Making it Real – Developing Socially, Politically, and Ethically Aware Data Scientists

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Categories: GSI Online LibraryTeaching Effectiveness Award Essays

by Nitin Kohli, School of Information

Teaching Effectiveness Award Essay, 2019

Behind the Data: Humans and Values (Info 188) deals with the social, political, and ethical considerations of data science. Data science solutions are actively being deployed in diverse settings, implicating values such as privacy, fairness, and freedom of expression. Nevertheless, concerns related to values and technology are not entirely novel. Scholars in the social sciences, the humanities, and the law have written extensively on the relationship between technology and society for centuries. However, students with STEM backgrounds tend to find these works inaccessible, especially early on in their undergraduate years. As such, there is gap between the takeaways of these readings and the functional toolkit that many data science classes offer.

To address this disconnect, I decided to teach the values implications of data science through the data science pipeline itself. That is, in order to connect social and ethical readings to the practice of data science, I created activities that would simulate the work data scientists are expected to do. The hope was that by creating seemingly apolitical technical tasks, I could organically surface the issues raised in readings, forcing students to recognize and grapple with the realities of data science in practice, while ingraining the learnings from these readings into their toolkit.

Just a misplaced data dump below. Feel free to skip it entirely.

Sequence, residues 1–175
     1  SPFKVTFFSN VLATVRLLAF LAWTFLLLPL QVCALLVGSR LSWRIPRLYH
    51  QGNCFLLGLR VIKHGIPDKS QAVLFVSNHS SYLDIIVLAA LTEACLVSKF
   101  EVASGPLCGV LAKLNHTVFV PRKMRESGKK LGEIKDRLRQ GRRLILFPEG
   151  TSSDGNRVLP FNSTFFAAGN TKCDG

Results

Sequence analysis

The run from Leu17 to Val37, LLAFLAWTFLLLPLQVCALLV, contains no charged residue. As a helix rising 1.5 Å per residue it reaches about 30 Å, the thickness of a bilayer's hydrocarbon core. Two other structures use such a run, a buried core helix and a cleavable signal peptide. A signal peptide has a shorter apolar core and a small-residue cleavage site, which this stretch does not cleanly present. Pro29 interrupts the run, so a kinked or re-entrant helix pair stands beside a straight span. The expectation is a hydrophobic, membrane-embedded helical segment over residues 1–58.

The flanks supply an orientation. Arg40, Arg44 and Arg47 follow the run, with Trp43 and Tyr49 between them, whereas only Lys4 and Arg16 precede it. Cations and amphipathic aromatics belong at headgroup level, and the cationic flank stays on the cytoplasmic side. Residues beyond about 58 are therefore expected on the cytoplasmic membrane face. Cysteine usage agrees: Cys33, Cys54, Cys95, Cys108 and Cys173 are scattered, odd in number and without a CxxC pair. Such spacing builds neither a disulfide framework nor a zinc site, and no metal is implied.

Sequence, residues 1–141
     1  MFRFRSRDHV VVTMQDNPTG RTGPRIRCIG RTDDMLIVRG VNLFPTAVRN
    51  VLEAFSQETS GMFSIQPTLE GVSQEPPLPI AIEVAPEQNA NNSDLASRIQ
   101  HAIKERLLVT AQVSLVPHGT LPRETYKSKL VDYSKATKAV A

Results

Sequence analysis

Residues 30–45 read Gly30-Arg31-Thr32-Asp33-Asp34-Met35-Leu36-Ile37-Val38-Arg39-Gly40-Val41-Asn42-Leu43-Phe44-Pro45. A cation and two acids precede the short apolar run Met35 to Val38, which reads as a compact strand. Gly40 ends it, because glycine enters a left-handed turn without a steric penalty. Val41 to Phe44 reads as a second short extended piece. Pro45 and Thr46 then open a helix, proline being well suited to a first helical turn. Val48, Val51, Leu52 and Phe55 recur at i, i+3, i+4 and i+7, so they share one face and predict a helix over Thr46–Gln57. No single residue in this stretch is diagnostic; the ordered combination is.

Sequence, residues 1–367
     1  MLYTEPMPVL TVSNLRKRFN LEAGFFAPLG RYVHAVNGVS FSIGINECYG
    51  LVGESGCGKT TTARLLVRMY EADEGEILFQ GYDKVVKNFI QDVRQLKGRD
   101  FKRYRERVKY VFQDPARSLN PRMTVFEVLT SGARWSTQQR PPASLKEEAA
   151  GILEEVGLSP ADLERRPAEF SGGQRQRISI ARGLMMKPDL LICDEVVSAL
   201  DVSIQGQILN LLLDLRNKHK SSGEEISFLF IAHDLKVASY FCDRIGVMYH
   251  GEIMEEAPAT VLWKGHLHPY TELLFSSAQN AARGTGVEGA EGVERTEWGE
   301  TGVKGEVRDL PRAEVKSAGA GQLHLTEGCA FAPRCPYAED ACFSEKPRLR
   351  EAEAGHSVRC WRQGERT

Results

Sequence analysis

One of the activities I created involved addressing privacy risks in “anonymized” datasets. It is often a misconception that removing personal attributes (such as an individual’s name or date of birth) is sufficient to rule out learning who was in a dataset. This is not true, and unfortunately certain aspects of law deem this acceptable. While academic case studies exist on this topic, I didn’t want my students to passively read about failure cases of anonymization—I wanted them to actively internalize this concept and understand the harms that follow. To this end, I created an anonymized dataset of taxi rides in a fictional city (including time of day, tip percentage, and location info) and gave them an external dataset of celebrity spottings. The goal was to reidentify as many celebrities in the anonymized dataset and to learn which were poor tippers.

This exercise served multiple purposes. First, it allowed students to gain perspectives about privacy and security by thinking from the perspective of an adversary. This change in persona showed students that their work doesn’t exist in a vacuum and that, if they are not careful, sensitive information can be leaked. Additionally, students gained hands-on experiences working with threat models and specific data attacks. These served as fundamental building-blocks which we further scaffolded into an exploration of mathematically robust privacy techniques. Furthermore, this gave us a segue into discussions of modern privacy breaches, which fostered discussions of the limitations of redaction-based methods that are often codified in laws.

It is difficult, if not impossible, to measure how much more socially, politically, or ethically aware a student has become. But what I can say is that this strategy of teaching values implications through work practice fostered engagement within the class. Material that had once been inaccessible started to become real. Our classroom interactions were livelier, as my students developed a newfound level of confidence when reading and discussing work outside their domain. This spilled over to their written assignments as well. Their analyses of values implications grew more rigorous and thoughtful over the semester, as they continually situated their analysis in work practice. By teaching values implications through work practice, students were able to see first-hand the social, political, and ethical implications of their work.